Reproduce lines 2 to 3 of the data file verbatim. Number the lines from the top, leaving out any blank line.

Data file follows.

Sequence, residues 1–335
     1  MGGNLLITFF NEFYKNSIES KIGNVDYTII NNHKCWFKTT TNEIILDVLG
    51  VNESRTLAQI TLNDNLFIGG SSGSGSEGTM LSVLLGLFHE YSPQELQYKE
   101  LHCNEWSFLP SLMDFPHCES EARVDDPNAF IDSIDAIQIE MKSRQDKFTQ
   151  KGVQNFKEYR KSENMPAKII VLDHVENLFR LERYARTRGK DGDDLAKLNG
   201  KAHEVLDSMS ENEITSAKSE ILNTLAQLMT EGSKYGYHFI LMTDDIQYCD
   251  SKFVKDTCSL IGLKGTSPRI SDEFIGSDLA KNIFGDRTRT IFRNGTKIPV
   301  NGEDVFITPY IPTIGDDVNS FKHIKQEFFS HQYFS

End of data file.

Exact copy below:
     1  MGGNLLITFF NEFYKNSIES KIGNVDYTII NNHKCWFKTT TNEIILDVLG
    51  VNESRTLAQI TLNDNLFIGG SSGSGSEGTM LSVLLGLFHE YSPQELQYKE